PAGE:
Kevin Morby is like an old friend you meet on the street by chance and then spend the rest of the day catching up with as the city and day fades out behind you. His voice and music is comfortingly familiar, yet so fresh and new.
Best known for being the singer/guitarist of Brooklyn outfit The Babies and the bassist for Woods, Morby recently released his solo debut, “Harlem River,” his ode to New York City, which he called home for five years. Now a transplant to Los Angeles, his eight-song outing is an immaculate homage to his former home.
First track “Miles, Miles, Miles” is almost a journey in itself; it starts slow and picks up speed as Morby tells us about his travels. When he sings the last of three “miles” in the chorus, you can hear how road-weary he is as well as the joy he feels in having finally arrived.
“Wild Side (Oh The Places You’ll Go)” is lively, with fantastic organ while the title track is an easy standout. The song lopes along with haunting “oohs” that play nicely with the strutting guitar that sounds, at times, right out of the ’60s. The song takes its time ending amid a staccato beat of cymbals, guitar and bass, flowing like the very river the song and the album takes its name from, and you’re glad because you don’t want the song to end, you just want to keep walking alongside that river.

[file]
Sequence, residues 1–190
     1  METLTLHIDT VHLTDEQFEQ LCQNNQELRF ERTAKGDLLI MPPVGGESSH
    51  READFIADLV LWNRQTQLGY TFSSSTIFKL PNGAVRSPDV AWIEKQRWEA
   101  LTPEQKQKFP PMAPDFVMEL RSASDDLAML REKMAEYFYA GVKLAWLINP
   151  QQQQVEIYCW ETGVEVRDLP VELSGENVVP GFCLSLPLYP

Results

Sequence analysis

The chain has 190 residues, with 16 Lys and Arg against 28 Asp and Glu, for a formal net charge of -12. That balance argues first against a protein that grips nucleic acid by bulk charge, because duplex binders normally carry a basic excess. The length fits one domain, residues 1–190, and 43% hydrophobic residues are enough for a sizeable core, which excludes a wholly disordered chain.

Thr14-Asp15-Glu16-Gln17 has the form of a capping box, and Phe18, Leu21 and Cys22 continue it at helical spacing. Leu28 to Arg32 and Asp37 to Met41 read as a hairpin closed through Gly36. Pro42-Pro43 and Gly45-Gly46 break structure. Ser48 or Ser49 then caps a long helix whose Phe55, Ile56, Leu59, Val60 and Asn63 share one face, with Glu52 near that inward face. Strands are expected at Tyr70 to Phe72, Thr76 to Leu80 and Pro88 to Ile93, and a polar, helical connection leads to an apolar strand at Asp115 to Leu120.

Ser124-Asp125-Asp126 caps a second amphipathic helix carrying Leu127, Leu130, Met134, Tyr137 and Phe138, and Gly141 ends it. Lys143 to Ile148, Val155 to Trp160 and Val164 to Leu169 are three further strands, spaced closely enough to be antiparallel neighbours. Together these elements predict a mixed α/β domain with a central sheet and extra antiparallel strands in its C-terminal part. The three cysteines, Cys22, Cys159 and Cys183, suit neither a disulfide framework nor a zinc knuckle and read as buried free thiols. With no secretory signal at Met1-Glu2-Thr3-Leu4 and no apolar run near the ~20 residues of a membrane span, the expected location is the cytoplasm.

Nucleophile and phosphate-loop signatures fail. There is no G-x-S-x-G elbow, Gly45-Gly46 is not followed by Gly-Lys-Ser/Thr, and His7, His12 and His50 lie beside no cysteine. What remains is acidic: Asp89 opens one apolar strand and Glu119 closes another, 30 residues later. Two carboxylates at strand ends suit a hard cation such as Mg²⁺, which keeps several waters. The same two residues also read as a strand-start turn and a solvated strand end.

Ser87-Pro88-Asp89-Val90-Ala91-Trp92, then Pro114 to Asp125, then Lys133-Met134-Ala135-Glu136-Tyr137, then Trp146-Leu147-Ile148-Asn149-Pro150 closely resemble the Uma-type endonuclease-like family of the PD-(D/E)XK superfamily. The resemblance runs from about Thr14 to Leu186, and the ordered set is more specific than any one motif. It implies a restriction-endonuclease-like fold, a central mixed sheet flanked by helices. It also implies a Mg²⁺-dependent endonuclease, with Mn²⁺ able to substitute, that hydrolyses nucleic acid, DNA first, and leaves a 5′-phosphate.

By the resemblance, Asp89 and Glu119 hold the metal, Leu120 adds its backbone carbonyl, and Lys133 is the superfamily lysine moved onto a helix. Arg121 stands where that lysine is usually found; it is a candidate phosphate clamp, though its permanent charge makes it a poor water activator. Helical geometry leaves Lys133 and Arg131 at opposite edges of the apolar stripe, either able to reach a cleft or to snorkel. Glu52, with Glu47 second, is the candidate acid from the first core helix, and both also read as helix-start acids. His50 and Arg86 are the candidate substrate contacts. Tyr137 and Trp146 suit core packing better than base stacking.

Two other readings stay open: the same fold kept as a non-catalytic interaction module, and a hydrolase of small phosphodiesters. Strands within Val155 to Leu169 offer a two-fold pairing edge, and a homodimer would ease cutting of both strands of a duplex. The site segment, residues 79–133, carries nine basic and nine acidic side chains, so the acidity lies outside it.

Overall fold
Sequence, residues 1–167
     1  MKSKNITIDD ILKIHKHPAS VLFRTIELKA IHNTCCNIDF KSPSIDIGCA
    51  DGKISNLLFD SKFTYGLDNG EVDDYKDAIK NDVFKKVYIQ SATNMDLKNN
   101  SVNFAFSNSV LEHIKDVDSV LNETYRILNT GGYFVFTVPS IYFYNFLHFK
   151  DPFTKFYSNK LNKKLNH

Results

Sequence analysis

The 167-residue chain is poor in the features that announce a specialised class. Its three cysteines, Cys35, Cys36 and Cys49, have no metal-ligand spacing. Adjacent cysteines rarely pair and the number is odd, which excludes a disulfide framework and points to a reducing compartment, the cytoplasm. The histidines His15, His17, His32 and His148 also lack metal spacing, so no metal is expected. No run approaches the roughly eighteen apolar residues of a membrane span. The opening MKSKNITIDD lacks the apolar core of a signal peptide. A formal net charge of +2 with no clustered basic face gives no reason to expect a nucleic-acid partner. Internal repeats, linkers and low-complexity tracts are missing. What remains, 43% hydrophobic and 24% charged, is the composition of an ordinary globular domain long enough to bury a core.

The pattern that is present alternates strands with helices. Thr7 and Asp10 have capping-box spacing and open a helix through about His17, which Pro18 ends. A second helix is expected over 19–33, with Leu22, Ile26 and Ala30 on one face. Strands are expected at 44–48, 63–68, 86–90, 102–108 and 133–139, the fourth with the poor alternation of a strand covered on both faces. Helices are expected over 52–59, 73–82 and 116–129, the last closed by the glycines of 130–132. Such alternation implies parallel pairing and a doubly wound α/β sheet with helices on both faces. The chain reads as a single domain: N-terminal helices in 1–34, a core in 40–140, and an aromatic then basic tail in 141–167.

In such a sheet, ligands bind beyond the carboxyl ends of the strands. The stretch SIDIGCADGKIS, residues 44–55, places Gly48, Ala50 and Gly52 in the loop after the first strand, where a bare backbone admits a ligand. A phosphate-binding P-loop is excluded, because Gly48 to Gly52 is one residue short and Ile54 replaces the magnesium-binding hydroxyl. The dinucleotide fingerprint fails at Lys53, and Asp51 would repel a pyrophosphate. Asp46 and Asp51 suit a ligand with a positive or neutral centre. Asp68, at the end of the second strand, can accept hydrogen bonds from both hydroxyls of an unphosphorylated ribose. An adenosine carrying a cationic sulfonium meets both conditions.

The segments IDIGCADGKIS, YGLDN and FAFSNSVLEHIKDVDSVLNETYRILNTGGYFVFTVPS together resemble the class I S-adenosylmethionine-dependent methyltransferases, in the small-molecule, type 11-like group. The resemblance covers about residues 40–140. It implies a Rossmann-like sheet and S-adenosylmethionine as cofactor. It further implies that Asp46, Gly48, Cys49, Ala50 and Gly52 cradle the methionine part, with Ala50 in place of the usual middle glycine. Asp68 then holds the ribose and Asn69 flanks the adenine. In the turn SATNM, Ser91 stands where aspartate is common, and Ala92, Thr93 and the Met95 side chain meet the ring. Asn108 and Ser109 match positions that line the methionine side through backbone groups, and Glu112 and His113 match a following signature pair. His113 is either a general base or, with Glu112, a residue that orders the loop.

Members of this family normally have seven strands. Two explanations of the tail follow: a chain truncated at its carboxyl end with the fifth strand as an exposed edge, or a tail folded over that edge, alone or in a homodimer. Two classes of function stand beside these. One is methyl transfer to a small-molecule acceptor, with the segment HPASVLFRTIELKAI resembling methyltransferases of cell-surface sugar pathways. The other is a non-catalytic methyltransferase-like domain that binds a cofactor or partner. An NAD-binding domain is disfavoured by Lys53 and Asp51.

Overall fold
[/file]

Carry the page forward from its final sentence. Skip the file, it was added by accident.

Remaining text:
“If You Leave and If You Marry,” about a lost love who is standing at the altar, starts with pretty acoustic guitar and Morby’s echo-y voice achingly beseeching her to, “Please, oh please, remember me as one you’ve loved.” Oh, love, it hurts hard when it’s gone, but it sure does make for a damn good song muse.
Organ and guitar once again pair beautifully on “Slow Train,” a song that perfectly embodies a truth about life in New York, that it sometimes beats you down, that it sometimes, amid all those people riding trains and standing beside you, causes you to forget who you are. “I am lost all around/ I am buried on the ground,” Morby confesses and later shares, “I don’t know my name/ I don’t know my purpose, I just know my place on the slow train.” It’s brilliant, as are the vocals of Cate Le Bon, which pop up at the end to give the song a haunting climax.
Morby mixes surf rock harmonies and rockabilly chugging guitar on “Reign” while “Sucker in the Void (The Lone Mile),” despite being about “all future no past” and “a wolf with no pack,” not musically melancholic. Instead, it’s thoughtful, accepting and almost upbeat.
“The Dead They Don’t Come Back” is very twangy and, as Morby ponders mortality passing cemeteries and standing at a friend’s grave, it’s woeful, but it’s a woefully stunning closer to a truly fantastic album.
Kevin Morby will perform at Mercury Lounge Jan. 16 and at Boot and Saddle Jan. 17.
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